• Padmapani and Nandi images – Padmapani is also known as Avalokitesvara, the wisdom being or Bodhisattva of Compassion. Golden jewelry found so far include rings, some surmounted by images of Nandi – the sacred bull, linked chains, inscribed gold sheets, gold plaques decorated with repoussé images of Hindu deities.[28]
The Laguna Copperplate Inscription (above) found in 1989 suggests Indian cultural influence in the Philippines by the 9th century AD, likely through Hinduism in Indonesia, prior to the arrival of European colonial empires in the 16th century
  • Laguna Copperplate Inscription In 1989, a laborer working in a sand mine at the mouth of Lumbang River near Laguna de Bay found a copper plate in Barangay Wawa, Lumban. This discovery, is now known as the Laguna Copperplate Inscription by scholars. It is the earliest known written document found in the Philippines, dated to be from the 9th century AD, and was deciphered in 1992 by Dutch anthropologist Antoon Postma. The copperplate inscription suggests economic and cultural links between the Tagalog people of Philippines with the Javanese Medang Kingdom, the Srivijaya empire, and the Hindu-Buddhist kingdoms of India. This is an active area of research as little is known about the scale and depth of Philippine history from the 1st millennium and before.

See also


  1. Kenno, L. W. V. (1901). The Katipunan of the Philippines. The North American Review.
  2. Acri, Andrea (December 20, 2018). "Maritime Buddhism". Oxford Research Encyclopedia of Religion. Oxford: Oxford University Press. doi:10.1093/acrefore/9780199340378.013.638. ISBN 9780199340378. Archived from the original on February 19, 2019. Retrieved May 30, 2021.
  3. Scott 1984, p. 68.
  4. Camperspoint: History of Palawan Archived January 15, 2009, at the Wayback Machine. Accessed August 27, 2008.
  5. "'Great Sphinx' Found in Tabon Caves in Palawan". MetroCebu. August 12, 2015. Retrieved February 9, 2016.
  6. "Timeline of history". Archived from the original on November 23, 2009.
  7. "Tribhanga". Archived from the original on January 15, 2009.
  8. Churchill 1977.
  9. Golden Tara Government of the Philippines
  10. Beyer 1947.
  11. Francisco 1963b.
  12. Halili 2010, pp. 46–47.
  13. Mellie Leandicho Lopez (2008), A Handbook of Philippine Folklore, University of Hawaii Press, ISBN 978-9715425148, pp xxiv–xxv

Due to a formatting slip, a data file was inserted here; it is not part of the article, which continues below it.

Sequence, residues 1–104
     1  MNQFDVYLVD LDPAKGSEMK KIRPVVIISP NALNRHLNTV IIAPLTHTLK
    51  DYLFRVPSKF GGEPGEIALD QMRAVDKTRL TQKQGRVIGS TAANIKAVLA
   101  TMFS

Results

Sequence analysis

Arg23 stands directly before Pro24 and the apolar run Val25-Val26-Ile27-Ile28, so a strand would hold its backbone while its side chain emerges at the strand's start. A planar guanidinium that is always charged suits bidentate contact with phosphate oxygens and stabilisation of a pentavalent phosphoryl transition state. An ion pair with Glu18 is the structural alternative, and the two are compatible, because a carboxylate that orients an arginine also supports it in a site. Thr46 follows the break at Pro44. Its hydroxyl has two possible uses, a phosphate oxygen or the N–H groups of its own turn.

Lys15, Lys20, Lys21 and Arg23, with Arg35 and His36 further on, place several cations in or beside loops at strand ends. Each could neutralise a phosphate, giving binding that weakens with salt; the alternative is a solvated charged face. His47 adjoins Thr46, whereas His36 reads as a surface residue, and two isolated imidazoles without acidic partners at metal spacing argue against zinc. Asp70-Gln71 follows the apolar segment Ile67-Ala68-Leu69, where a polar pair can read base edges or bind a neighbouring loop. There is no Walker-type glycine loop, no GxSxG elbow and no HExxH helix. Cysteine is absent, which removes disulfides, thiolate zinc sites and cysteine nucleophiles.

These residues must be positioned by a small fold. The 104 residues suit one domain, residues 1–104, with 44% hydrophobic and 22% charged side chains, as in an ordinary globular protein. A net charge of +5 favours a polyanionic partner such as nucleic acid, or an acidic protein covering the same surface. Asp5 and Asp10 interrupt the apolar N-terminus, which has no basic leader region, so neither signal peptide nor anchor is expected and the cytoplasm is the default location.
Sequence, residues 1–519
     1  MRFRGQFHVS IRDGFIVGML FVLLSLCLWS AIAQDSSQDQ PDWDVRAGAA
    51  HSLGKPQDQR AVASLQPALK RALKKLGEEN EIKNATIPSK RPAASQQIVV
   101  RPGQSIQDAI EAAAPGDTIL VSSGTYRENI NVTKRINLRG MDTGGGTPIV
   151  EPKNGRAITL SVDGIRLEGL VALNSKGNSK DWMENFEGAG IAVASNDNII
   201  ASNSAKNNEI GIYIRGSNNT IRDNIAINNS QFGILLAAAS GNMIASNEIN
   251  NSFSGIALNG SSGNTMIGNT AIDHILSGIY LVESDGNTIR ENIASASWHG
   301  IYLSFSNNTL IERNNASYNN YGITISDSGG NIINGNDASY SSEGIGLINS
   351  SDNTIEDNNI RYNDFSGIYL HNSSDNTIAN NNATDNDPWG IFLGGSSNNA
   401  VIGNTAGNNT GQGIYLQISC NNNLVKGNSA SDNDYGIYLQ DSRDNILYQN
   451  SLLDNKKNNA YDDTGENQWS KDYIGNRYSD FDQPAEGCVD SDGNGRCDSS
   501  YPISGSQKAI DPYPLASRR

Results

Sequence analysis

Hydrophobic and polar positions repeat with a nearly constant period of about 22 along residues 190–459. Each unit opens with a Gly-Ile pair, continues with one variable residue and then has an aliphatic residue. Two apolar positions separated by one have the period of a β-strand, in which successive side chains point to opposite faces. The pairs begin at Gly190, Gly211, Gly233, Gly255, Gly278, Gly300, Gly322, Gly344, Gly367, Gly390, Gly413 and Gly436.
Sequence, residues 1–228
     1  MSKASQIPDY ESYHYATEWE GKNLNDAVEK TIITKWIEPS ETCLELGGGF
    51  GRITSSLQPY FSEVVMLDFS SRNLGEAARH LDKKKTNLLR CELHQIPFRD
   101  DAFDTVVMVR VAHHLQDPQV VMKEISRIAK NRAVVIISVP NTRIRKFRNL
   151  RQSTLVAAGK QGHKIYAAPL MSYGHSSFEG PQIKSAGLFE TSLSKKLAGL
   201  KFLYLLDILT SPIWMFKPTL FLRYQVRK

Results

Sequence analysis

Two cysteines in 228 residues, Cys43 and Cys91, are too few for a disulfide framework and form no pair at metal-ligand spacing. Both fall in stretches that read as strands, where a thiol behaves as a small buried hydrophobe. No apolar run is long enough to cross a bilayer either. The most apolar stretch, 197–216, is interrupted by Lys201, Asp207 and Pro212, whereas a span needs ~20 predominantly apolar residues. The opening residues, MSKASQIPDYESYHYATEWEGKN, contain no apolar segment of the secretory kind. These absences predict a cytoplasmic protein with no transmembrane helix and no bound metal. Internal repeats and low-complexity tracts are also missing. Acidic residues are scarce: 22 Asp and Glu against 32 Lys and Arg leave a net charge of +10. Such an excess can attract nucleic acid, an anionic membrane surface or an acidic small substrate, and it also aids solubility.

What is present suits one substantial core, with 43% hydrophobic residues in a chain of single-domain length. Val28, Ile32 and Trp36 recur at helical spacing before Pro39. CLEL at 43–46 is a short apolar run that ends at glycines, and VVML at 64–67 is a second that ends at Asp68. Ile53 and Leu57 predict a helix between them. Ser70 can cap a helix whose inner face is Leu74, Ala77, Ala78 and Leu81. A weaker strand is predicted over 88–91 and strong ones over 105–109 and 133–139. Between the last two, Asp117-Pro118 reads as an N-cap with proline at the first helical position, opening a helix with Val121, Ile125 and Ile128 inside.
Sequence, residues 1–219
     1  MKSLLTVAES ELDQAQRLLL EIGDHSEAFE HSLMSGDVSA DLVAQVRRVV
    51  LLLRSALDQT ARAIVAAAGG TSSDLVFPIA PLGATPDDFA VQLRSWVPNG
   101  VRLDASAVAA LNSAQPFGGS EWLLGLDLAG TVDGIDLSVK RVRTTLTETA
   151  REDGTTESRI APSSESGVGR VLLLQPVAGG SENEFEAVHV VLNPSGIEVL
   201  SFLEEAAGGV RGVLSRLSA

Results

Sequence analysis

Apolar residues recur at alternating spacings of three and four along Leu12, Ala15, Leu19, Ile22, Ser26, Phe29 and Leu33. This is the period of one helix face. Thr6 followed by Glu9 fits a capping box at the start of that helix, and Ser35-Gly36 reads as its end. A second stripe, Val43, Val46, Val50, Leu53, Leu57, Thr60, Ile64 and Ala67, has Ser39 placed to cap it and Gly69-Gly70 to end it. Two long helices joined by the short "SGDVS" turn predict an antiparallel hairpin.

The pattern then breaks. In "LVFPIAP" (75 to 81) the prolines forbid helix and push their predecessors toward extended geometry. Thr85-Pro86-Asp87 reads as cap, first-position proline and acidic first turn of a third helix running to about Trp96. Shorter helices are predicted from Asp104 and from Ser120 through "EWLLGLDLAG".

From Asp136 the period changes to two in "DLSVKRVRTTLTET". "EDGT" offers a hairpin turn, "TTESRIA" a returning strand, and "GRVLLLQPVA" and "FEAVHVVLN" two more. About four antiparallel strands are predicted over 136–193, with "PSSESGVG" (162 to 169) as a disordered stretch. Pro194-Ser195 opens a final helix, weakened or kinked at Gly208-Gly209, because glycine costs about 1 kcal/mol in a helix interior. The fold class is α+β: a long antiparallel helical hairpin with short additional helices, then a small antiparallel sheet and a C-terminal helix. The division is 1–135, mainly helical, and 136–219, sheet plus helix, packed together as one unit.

14. Manuel, E. Arsenio (1963), A Survey of Philippine Folk Epics, Asian Folklore Studies, 22, pp 1–76
  15. Scott 1994.
  16. Saunders 2013, p. 41.
  17. "Brunei". CIA World Factbook. 2011. Retrieved January 13, 2011. {{cite journal}}: Cite journal requires |journal= (help)
  18. Teodoro Agoncillo, History of the Filipino People, p 22
  19. A. Newson, Linda (2009). Conquest and Pestilence in the Early Spanish Philippines. UP Hawaii. ISBN 9780824832728.
  20. Antoon Postma, "The Laguna Copperplate Inscription," Philippines Studies, 1992 40: 183–203.
  21. Jesus T. Peralta, "Prehistoric Gold Ornaments CB Philippines," Arts of Asia, 1981, 4:54–60.
  22. Art Exhibit: Philippines' 'Gold of Ancestors' in Newsweek.
  23. Laszlo Legeza, "Tantric Elements in the Philippines PreHispanic Gold Arts," Arts of Asia, 1988, 4:129–136.
  24. Rizal, Jose (2000). Political and Historical Writings (Vol. 7). Manila: National Historical Institute.
  25. Francisco 1963.
  26. Agusan Gold Image only in the Philippines.
  27. Agusan Image Documents, Agusan-Surigao Historical Archives.
  28. Bennett 2009.


  1. Bennett, Anna T N (2009). "Gold in early Southeast Asia". ArchéoSciences. 33 (33): 99–107. doi:10.4000/archeosciences.2072.
  2. Beyer, H Otley (1947). "Outline Review of Philippine Archaeology by Islands and Provinces" (PDF). Philippine Journal of Science. Bureau of Printing. 77 (34): 205–374.
  3. Churchill, Malcolm H (1977). "Indian Penetration of pre-Spanish Philippines: A new look at the evidence" (PDF). 15. Asian Center, University of the Philippines Diliman: 21–45. {{cite journal}}: Cite journal requires |journal= (help)
  4. Dang, V T; Vu, Q H (1977). "Excavation at Giong Ca Vo site". Journal of Southeast Asian Archaeology. 17: 30–37.
  5. Francisco, Juan R (1963). "A Buddhist Image from Karitunan Site, Calatagan, Batangas Province" (PDF). Asian Studies. Asian Center, University of the Philippines Diliman. 1: 13–22.
  6. Francisco, Juan (1963b). "A Note on the Golden Image of Agusan". Philippine Studies. Ateneo de Manila University. 11 (3): 390–400.
  7. Halili, Maria (2010). Philippine History. Rex. ISBN 978-9712356360.
  8. Saunders, Graham E (2013). History for Brunei. Routledge. ISBN 978-1136874086.
  9. Scott, William Henry (1984). Prehispanic Source Materials: for the study of Philippine History. New Day. ISBN 978-9711002268.
  10. Scott, William Henry (1994). Barangay: Sixteenth-century Philippine Culture and Society. UP Hawai'i. ISBN 978-9715501354.